Scripture Readings: Psalm 146:5-10, Luke 1:46-55
Who said this? "My heart exults in the LORD; my strength is exalted in my God . . . The LORD makes poor and makes rich; he brings low, he also exalts. He raises up the poor from the dust; he lifts the needy from the ash heap, to make them sit with princes and inherit a seat of honor . . . The LORD will judge the ends of the earth; he will give strength to his king, and exalt the power of his anointed." (1 Sam. 2:1,7-8, 10)
In the book of 1 Samuel, which is set in the time that Saul became the first king of Israel, just before 1000 BCE, we read that Hannah, the second wife of Elkanah, was childless. But her prayers to the LORD at the shrine in Shiloh were finally answered. She became pregnant and gave birth to a boy she named Samuel. And when Samuel was weaned, Hannah gave him to the priests of Shiloh to be raised as a Nazarite — as one anointed and dedicated to the service of God. (1 Samuel 1)
Mary's song of praise is based on Hannah's. Mary praises God for the special child she is about to bear — a child who also will be anointed and dedicated to the service of God. Mary's God, we hear in her song, is the God of Hannah and Samuel, the "Mighty One" who "has brought down the powerful from their thrones, and lifted up the lowly; [the God who] has filled the hungry with good things, and sent the rich away." (Lk. 1:49, 52-53)
This vision of the LORD is reaffirmed throughout the Hebrew scriptures. Psalm 146 praises the LORD, "who executes justice for the oppressed; who gives food to the hungry." The psalmist proclaims that: "The LORD sets the prisoners free; the LORD opens the eyes of the blind. The LORD lifts up those who are bowed down; the LORD loves the righteous." (Ps. 146:7-8)
This is the heart of the good news that is proclaimed by the church. In the gospel of Luke, Jesus begins his ministry by reading from scripture in the synagogue in Nazareth on the sabbath. He unrolls the scroll of the prophet Isaiah and then reads the first two verses of chapter 61: "The Spirit of the Lord is upon me, because he has anointed me to bring good news to the poor. He has sent me to proclaim release to the captives and recovery of sight to the blind, to let the oppressed go free, to proclaim the year of the Lord's favor." (Is. 61:1-2)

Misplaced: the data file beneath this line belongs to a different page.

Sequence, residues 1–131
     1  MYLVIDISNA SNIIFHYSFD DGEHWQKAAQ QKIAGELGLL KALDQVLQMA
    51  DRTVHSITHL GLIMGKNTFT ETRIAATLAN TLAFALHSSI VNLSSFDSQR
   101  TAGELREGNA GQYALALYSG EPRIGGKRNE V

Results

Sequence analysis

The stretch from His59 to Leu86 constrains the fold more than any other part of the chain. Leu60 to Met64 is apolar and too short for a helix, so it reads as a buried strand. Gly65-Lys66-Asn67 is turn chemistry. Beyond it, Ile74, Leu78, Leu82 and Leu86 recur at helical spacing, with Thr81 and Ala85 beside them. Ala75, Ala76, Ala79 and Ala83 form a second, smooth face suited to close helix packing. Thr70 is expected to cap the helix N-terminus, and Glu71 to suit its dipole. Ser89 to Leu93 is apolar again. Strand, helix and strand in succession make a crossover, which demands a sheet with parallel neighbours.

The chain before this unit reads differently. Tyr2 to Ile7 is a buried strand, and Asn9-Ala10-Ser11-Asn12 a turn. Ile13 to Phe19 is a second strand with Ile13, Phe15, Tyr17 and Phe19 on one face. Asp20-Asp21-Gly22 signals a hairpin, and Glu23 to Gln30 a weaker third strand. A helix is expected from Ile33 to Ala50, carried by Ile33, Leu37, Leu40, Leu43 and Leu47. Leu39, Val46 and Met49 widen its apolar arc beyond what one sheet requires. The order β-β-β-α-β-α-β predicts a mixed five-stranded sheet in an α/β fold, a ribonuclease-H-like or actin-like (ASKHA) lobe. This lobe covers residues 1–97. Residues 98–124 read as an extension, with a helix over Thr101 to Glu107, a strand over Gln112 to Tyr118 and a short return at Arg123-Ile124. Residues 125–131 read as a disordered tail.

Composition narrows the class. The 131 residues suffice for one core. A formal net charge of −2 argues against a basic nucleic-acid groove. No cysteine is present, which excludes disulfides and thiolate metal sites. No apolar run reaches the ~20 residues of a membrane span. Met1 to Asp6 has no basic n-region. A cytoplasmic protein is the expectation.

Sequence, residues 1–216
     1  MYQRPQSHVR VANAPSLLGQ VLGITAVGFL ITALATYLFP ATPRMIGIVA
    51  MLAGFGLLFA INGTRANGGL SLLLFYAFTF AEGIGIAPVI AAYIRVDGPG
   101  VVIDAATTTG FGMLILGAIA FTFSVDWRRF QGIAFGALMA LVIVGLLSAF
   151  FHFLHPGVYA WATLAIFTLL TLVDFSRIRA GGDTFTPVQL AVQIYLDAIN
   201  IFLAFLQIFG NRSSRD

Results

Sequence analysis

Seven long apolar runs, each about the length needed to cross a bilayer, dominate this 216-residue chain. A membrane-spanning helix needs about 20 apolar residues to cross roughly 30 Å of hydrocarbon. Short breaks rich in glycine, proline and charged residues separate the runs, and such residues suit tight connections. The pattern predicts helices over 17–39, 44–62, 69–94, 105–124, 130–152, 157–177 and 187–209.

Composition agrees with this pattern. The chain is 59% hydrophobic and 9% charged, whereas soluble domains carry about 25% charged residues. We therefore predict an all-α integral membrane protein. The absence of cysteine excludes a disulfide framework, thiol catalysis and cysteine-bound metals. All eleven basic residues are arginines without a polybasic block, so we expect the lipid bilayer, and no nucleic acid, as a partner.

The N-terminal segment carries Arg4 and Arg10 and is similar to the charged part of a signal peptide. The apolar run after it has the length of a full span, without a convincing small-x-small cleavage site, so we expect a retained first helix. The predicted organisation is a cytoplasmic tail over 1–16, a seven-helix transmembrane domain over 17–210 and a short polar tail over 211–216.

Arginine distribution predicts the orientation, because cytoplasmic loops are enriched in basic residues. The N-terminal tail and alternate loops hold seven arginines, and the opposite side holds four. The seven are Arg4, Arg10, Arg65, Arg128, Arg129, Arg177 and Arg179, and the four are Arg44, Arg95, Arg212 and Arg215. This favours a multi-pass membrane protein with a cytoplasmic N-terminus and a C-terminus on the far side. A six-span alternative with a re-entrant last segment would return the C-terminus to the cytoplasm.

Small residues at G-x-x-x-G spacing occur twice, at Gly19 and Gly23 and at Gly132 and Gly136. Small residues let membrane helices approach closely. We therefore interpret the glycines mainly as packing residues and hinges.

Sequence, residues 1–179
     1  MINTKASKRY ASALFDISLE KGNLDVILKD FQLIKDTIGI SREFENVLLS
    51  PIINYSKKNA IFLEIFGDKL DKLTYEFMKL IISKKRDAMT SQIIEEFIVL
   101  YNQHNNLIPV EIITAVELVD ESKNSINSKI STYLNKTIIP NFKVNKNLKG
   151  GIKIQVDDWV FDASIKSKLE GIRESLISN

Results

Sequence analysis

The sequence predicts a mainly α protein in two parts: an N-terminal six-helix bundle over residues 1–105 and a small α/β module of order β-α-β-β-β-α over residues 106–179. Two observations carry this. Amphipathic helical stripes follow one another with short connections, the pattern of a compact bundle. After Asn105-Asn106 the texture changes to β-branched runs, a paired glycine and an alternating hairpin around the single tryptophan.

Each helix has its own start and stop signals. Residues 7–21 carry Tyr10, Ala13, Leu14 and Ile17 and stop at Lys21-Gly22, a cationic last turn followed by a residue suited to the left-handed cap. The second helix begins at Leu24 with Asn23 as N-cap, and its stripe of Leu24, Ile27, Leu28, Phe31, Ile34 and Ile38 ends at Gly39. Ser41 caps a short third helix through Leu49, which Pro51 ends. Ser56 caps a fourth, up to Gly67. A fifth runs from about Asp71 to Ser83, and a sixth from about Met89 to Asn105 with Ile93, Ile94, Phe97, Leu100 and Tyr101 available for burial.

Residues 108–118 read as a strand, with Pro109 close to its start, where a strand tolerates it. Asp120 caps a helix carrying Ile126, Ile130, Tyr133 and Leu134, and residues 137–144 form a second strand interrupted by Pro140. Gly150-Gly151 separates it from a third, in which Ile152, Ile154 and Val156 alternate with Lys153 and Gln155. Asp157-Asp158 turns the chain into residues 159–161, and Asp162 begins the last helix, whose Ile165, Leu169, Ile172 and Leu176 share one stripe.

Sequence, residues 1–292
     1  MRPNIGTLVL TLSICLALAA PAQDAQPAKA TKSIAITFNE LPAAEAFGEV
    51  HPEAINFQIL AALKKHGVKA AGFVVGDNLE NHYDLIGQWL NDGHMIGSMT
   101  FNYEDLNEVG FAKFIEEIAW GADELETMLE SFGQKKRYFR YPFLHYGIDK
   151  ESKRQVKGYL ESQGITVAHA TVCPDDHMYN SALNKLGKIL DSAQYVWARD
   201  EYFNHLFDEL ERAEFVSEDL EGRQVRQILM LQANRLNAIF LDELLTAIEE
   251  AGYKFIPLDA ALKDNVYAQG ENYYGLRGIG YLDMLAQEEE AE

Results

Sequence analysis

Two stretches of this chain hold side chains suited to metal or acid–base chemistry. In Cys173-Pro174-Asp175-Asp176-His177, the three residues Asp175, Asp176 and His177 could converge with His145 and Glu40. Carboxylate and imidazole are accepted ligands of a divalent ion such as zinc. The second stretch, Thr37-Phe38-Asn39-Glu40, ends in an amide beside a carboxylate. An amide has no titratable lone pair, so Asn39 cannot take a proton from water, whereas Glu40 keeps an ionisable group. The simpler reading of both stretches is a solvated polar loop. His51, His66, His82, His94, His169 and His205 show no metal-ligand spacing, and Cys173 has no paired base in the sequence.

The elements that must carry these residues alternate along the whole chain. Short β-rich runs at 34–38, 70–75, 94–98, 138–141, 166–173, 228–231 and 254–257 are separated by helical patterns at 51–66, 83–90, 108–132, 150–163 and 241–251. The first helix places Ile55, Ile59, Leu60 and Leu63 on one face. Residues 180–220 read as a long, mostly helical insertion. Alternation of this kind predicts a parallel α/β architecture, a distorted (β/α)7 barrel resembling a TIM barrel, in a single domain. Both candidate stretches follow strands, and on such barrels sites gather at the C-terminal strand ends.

We read these words of praise and hope, and we come together to worship the God we know through this tradition of faith. But we do so in a world where few of the poor are lifted up from the ashes, where many remain hungry and are not filled with good things, where the rich are not sent away, and where often the oppressed do not receive justice. From Hannah to Mary to our time, it would seem that "the hopes and fears of all the years" have not been met — not in the birth of Jesus, not in his death and resurrection, not in the two millennia that the church has had to fulfill its calling.
Years ago, I began my prayers with the words, "Almighty God." But I no longer speak of God this way. When I think of the universe and of life and love, I am filled with wonder, and I call God "Creator." But I reject the image of God as an almighty ruler over history. Moreover, I resist religious teachings that counsel submission to a King of kings, and Lord of lords, who will rule forever. This way of reading Mary's song has long been used by men to justify their rule over "their" women, and it is a recipe for warfare and cruelty in the name of all that is holy. I reject the idea that we are called to serve the Lord of Hosts, which literally means the "Lord of Armies."
Instead, I put my trust in the God of the Christian story. This God is like a woman, who gives birth, and in doing so suffers not only with pain, but with the knowledge that the life she has created will be full of suffering. This God is born in a stable, in a village, to poor parents, amidst people who are oppressed by their rulers. This God is crucified by those who have won power over the earth through warfare. This God is raised from the dead in the life of the church that refuses to give up hope despite suffering, despite death, despite the darkness of every time.
Sometimes I ask myself, how can we have faith in such a God? How can we hope for a peace that has not come and does not seem possible? I share the doubts and the anger of those who find too much suffering in the world to believe in God. Yet, I continue to preach and teach about the love of God and the hope we share in Christ.
Why do I persevere? Because the story of God in Christ is the best story I know. I am who I am because of this story of faith, and so I continue to teach and preach, always aware that I am not worthy of this calling.
Despite my doubts, despite my despair, despite the darkness that threatens to overwhelm my spirit and our time, I trust in the God of Hannah and Samuel, the God of the psalmist, the God of Mary and Jesus — Creator, Christ and Holy Spirit. Amen!